Wright makes a clarion call for the whole of the left to support Long-Bailey, and follow the doughty progressive patriot for better reasons than the (official) left who back her, “mainly out of sheer loyalty to her mentor, John McDonnell, that most of the radical left have supported her.”

He aims to dampen down this deviation:  “Privately, many on the radical left agree with former MP Alan Simpson that the dogmatic and authoritarian tendencies of the orthodox left smothered the creative and democratic potential of Corbynism, contributing to its eventual downfall.

The Communist Party of Britain sage writes of Labour’s General Election Campaign.

The disparate elements that Corbyn’s election united has ended and the wide legitimacy that Labour’s radical programme commanded is now challenged by people who attribute the election defeat to “socialist policies” which must be abandoned.

With the help of ace-reporters Wright discovers that Labour was, at one point, on the brink of victory,

…. a wave of popular participation, an effective social media operation, skilled targeting of swing seats and a bold manifesto (along with the divisions in the Tory ranks and a weakened Liberal Democrat Party) produced a surge in support that eroded a 20-point Tory lead and took Corbyn within a few thousand votes of No 10.

We may not have noticed that, but he did!

The fault lay in a failure to respect the decision to respect the Brexit vote, something which Wight and his comrades tirelessly campaigned for.

Instead of becoming a springboard for a further assault on a divided ruling class — this itself apparent in a highly conflicted Tory Party in government — this hopeful prospect was dissipated as Labour’s activists and mass base were sidelined by a parliamentary party intent on subverting the clear decision to respect the referendum result.

Worse was to come,

Labour (was)  corralled into an increasingly Get Brexit Undone policy, the way was open for Labour’s manifesto to be driven to the margins of public discussion.

The People’s Vote campaign, a middle class mass movement, had sown confusion in Labour ranks.

The success of the Remain camp in conflating “internationalism” with a kind of shared European privilege to travel, study and work freely threatens to undermine the deeper internationalism that found an expression in the mass movement against neoliberal trade deals, in the Stop the War movement, the anti-racist and solidarity action with refugees and migrant workers and the Palestine solidarity movement.

The kind of internationalism that has stood by while Assad, Russia and Iran,  attack Idid in Syria, in short.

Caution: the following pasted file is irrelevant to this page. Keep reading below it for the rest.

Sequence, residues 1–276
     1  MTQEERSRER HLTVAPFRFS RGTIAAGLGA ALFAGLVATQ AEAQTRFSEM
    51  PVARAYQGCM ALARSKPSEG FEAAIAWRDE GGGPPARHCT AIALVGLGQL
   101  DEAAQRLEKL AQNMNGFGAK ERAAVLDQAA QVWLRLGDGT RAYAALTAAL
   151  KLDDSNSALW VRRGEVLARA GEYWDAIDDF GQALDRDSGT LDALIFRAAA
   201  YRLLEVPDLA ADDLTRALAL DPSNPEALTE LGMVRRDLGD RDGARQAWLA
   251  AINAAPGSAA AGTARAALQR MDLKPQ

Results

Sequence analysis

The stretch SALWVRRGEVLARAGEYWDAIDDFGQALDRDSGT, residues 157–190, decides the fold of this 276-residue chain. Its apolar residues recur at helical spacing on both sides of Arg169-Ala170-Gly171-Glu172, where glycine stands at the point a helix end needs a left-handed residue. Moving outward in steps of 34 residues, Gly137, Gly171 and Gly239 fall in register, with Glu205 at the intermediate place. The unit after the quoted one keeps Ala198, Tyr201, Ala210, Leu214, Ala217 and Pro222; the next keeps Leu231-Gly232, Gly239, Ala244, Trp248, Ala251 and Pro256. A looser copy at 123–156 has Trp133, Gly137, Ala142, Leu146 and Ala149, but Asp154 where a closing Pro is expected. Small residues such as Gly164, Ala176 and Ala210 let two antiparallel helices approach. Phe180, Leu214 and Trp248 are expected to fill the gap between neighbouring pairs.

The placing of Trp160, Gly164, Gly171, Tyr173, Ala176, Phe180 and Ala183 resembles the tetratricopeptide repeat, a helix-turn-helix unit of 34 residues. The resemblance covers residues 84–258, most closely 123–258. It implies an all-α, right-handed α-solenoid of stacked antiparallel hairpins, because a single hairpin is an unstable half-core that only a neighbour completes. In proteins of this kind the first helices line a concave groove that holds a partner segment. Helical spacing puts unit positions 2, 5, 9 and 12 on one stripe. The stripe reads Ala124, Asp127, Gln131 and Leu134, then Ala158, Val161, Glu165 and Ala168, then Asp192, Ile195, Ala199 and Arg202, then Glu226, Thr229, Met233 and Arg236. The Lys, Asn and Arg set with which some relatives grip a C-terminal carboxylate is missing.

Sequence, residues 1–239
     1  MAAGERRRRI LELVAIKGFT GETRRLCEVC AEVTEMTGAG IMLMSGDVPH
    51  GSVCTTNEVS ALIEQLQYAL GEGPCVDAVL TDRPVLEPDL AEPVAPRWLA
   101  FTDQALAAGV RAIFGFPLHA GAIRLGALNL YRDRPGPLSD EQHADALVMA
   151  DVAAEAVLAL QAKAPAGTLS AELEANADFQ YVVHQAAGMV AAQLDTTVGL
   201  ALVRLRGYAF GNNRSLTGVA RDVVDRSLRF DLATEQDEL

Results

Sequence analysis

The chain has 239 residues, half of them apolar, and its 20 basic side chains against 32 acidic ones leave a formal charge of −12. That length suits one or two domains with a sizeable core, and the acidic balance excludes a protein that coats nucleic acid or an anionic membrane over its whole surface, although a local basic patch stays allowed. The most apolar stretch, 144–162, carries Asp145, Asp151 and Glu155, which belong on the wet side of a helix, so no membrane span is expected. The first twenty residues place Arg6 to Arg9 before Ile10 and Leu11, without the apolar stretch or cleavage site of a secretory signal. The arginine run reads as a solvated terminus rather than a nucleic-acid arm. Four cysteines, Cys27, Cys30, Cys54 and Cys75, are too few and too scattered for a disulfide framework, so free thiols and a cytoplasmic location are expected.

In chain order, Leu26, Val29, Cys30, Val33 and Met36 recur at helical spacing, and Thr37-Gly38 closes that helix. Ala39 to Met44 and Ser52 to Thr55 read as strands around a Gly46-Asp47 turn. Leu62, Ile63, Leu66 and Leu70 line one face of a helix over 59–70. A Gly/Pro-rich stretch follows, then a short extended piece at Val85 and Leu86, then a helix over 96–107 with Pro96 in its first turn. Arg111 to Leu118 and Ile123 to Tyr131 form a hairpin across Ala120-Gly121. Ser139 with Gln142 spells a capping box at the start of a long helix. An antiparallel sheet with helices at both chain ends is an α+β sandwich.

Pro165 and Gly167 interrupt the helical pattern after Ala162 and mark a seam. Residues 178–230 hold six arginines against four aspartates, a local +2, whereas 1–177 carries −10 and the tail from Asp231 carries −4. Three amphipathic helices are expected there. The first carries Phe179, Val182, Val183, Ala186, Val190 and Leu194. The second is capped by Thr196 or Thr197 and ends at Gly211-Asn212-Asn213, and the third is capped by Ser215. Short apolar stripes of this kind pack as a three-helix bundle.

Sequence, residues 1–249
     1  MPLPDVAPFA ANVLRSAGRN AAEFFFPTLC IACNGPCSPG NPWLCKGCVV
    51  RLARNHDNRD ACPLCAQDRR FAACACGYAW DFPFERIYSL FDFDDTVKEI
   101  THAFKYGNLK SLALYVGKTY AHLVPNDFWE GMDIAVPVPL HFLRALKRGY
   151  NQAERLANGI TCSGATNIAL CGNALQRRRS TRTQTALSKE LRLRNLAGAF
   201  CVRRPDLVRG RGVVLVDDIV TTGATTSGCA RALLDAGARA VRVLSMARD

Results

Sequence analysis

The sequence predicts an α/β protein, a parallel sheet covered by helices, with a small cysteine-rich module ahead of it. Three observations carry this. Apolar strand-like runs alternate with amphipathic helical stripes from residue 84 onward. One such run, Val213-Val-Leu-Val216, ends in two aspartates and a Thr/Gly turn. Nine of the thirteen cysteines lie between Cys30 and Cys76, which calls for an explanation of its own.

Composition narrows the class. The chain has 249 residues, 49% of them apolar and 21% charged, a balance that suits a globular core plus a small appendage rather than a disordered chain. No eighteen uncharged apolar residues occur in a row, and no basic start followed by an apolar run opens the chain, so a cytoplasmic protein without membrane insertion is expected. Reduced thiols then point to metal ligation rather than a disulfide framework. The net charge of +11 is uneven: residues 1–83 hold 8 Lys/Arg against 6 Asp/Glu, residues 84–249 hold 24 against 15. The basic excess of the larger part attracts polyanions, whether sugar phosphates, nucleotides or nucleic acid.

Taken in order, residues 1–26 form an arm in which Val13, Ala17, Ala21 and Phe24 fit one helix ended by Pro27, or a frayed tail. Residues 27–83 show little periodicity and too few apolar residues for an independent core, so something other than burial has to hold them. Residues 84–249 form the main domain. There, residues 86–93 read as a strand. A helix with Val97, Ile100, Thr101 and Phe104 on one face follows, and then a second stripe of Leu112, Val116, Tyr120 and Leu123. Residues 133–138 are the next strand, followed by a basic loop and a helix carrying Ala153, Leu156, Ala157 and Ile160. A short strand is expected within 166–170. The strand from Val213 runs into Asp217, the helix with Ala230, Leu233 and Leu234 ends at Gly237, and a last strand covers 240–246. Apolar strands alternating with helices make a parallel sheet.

Remain, unlike Boris Johnson and the ERG, had a “neoliberal project.”

Worse the pro-EU side has  echoes of fascism, foretold in  ” manifesto of Oswald Mosley’s postwar racist revival”.

He cites Gilbert (above), without mentioning (surely an oversight),  the passage of the British Road to Socialism,

It is to Jeremy Gilbert, professor of cultural and political theory at the University of East London, that we owe the insight that the leadership contest has revealed new contours in Labour’s ideological topography and that the only way for Labour to win is to ditch “Labourism.”

Writing about Labour’s so-called “soft left,” he writes: “Despite the failures of both Kinnock and Miliband, their default assumption remains that progressive government can be achieved by selling moderate social democracy to the electorate, led by a guy in a smart suit.”

Worse is to come….

It is to this inspiring standard that the recycled fragments of the ultra left now line up with the main vehicles of the Labour right wing and much of the liberal and neoliberal media.

The Morning Star writer has a warning to them:

While it might suit some to reduce much of politics to the clash of cultures, no-one should underestimate the political potency of questions of nationhood, patriotism and identity.

As in progressive patriotism.

Cde Wright ends with a stirring call for unity behind the banner of the “Orthodox Left”-  including these “recycled fragments”, supporters of a neoliberal project, who admire something with the odour of Oswald Mosley “?

A dog-eared copy of Betty Reid’s, ‘Ultra Leftism in Britain’, (1969. CPGB) would surely show the dangers of the “ultra left” in their true light.